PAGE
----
• Deaths have occurred in nursing infants exposed to high levels of opioids in breast milk because mothers were ultra-rapid metabolizers of opioid
  • Profound sedation, respiratory depression, coma, and death may result from concomitant administration with benzodiazepines or other CNS depressants (e.g., non-benzodiazepine sedatives/hypnotics, anxiolytics, tranquilizers, muscle relaxants, general anesthetics, antipsychotics, other opioids, alcohol); because of these risks, reserve concomitant prescribing of these drugs for use in patients for whom alternative treatment options are inadequate; if concomitant use with a benzodiazepine is warranted, consider prescribing naloxone for the emergency treatment of opioid overdose
  • Use in patients with acute or severe bronchial asthma in an unmonitored setting or absence of resuscitative equipment is contraindicated; patients with significant chronic obstructive pulmonary disease or cor pulmonale, and with substantially decreased respiratory reserve, hypoxia, hypercapnia, or pre-existing respiratory depression are at increased risk of the decreased respiratory drive including apnea, even at recommended dosages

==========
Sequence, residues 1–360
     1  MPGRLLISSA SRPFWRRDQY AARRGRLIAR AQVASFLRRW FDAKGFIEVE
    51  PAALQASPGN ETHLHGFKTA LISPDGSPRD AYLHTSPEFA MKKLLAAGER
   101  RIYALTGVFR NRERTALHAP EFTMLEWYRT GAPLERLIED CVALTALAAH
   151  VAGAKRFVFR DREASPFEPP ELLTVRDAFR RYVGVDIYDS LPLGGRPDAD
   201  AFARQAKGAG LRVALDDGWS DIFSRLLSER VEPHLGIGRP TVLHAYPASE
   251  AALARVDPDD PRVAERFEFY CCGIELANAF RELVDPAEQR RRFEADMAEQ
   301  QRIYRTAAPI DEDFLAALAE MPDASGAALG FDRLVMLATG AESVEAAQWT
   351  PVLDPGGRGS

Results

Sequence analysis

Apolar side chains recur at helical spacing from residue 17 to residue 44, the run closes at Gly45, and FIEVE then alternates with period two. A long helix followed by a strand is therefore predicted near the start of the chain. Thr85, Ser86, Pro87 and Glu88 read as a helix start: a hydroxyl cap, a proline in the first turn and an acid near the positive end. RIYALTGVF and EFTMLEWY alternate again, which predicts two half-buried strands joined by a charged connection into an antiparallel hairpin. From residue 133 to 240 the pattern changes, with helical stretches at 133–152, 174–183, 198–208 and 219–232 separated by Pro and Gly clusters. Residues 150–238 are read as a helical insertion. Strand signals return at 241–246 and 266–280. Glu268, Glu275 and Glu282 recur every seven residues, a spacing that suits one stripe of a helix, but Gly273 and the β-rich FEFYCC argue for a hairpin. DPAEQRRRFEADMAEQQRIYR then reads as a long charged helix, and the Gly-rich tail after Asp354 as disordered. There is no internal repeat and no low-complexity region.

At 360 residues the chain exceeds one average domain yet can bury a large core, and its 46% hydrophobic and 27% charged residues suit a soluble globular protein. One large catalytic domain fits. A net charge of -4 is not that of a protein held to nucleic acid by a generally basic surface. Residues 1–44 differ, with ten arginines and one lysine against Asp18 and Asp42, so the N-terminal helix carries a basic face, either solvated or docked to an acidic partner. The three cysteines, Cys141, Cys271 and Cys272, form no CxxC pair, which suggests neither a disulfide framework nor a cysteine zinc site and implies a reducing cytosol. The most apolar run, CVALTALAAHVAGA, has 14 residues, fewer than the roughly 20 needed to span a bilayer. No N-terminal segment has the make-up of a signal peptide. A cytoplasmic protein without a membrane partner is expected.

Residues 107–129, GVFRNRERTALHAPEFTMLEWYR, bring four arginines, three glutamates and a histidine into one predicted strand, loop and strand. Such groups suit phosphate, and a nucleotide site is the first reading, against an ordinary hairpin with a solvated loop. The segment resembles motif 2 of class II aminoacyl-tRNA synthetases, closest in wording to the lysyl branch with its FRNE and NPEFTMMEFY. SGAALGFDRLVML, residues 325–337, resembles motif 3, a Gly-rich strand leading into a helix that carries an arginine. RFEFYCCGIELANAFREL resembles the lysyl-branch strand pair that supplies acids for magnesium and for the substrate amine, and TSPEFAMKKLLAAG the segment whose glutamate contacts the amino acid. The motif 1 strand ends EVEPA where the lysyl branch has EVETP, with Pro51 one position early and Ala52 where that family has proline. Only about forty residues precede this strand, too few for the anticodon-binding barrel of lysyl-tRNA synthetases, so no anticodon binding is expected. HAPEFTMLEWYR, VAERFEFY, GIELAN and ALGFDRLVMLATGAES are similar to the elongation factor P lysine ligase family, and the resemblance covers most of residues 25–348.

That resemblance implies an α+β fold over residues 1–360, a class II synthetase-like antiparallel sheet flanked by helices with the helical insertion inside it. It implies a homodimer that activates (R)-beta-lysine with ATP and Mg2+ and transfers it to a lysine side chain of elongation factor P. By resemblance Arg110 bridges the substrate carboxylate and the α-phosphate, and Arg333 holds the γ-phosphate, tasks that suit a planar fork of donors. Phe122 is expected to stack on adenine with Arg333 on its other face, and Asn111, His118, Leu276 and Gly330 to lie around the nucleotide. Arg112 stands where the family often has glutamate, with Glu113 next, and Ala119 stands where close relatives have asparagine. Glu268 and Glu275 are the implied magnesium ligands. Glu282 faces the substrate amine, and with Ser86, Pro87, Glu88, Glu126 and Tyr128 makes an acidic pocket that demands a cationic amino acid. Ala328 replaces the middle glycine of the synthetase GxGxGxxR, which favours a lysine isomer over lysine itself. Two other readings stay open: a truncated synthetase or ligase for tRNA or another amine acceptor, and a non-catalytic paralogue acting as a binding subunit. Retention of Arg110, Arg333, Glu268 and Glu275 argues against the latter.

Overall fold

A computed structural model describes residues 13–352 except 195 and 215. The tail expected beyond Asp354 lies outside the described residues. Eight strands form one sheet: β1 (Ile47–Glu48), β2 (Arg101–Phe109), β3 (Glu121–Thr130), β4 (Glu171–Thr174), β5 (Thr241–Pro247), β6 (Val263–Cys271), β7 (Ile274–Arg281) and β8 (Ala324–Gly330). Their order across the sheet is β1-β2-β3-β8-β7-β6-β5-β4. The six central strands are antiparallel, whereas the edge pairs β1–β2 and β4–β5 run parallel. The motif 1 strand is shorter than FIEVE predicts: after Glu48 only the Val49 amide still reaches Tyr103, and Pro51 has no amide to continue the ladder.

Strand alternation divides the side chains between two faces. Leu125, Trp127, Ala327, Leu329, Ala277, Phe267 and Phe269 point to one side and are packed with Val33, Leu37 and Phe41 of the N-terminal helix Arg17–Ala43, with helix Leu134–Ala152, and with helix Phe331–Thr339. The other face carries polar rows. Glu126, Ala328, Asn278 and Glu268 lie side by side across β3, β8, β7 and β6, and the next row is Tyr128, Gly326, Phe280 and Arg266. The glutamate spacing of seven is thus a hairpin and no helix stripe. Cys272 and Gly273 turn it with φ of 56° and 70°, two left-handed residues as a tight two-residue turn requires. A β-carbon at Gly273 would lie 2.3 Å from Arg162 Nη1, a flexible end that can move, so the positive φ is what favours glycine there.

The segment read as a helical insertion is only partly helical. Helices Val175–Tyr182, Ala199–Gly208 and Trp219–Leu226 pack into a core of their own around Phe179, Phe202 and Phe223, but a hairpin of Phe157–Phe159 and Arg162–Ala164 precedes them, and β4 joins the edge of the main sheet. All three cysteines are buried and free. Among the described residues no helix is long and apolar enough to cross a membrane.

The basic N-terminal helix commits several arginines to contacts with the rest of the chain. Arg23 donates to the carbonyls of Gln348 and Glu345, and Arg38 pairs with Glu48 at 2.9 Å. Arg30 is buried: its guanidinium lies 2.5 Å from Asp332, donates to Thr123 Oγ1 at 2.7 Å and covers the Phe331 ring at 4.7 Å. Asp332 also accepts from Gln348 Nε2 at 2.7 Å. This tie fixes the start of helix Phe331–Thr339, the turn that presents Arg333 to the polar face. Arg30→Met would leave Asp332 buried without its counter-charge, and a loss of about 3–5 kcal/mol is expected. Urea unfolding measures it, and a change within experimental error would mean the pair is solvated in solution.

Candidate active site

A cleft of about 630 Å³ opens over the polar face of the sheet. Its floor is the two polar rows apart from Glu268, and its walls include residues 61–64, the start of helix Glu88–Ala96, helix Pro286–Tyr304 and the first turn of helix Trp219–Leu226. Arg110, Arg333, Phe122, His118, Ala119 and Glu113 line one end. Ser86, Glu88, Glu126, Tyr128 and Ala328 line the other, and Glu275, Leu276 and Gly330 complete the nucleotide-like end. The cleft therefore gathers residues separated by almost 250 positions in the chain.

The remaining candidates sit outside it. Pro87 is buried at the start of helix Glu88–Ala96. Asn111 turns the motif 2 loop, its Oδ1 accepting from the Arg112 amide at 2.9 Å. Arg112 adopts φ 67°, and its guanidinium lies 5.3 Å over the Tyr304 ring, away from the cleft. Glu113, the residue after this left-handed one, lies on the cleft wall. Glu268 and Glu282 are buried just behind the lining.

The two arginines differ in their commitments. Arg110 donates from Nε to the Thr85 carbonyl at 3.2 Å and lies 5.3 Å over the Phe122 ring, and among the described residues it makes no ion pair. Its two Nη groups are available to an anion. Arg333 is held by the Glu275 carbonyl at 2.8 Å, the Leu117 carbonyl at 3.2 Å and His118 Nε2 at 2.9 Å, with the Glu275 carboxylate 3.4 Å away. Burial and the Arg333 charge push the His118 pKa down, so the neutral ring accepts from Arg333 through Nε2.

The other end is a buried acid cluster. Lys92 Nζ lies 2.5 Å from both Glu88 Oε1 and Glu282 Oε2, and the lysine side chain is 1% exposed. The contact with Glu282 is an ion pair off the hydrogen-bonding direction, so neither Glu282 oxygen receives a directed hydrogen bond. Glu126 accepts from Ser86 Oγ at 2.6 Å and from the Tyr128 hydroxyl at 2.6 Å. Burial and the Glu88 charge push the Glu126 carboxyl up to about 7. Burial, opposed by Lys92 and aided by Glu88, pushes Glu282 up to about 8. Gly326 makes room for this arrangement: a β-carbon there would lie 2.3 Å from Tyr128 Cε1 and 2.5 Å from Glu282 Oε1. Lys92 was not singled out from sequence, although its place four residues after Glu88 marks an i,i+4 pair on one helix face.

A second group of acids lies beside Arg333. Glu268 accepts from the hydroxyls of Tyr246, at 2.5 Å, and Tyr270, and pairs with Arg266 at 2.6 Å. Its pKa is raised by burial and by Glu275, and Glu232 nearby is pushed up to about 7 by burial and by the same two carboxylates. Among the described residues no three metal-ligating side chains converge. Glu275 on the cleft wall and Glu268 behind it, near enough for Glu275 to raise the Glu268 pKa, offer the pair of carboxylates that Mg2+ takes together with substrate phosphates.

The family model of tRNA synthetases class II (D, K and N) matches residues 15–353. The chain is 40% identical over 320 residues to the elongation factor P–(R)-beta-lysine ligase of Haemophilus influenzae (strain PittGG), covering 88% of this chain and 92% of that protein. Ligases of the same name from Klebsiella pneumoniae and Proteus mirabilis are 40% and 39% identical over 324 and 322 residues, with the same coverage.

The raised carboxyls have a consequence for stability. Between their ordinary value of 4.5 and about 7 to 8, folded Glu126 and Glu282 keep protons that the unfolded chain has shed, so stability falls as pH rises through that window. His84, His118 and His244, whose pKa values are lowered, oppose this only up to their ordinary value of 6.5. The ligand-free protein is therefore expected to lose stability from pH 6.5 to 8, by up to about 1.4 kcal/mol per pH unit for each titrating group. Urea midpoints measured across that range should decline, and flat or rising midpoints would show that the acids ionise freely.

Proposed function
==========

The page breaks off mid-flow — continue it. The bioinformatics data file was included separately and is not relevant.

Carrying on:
• Life-threatening respiratory depression is more likely to occur in elderly, cachectic, or debilitated patients because they may have altered pharmacokinetics or altered clearance compared to younger, healthier patients; monitor closely
  • Monoamine oxidase inhibitors (MAOIs) may potentiate the effects of opioids, opioid active metabolite, including respiratory depression, coma, and confusion; therapy should not be administered within 14 days of initiating or stopping MAOIs
  • Cases of adrenal insufficiency reported with opioid use, more often following greater than one month of use; symptoms may include nausea, vomiting, anorexia, fatigue, weakness, dizziness, and low blood pressure; if adrenal insufficiency is diagnosed, treat with physiologic replacement doses of corticosteroids; wean the patient off of the opioid to allow adrenal function to recover and continue corticosteroid treatment until adrenal function recovers; other opioids may be tried as some cases reported use of a different opioid without recurrence of adrenal insufficiency
  • Use caution when selecting a dosage for an elderly patient, usually starting at the low end of the dosing range, reflecting the greater frequency of decreased hepatic, renal, or cardiac function and concomitant disease or other drug therapy; because elderly patients are more likely to have decreased renal function, care should be taken in dose selection, and may be useful to monitor renal function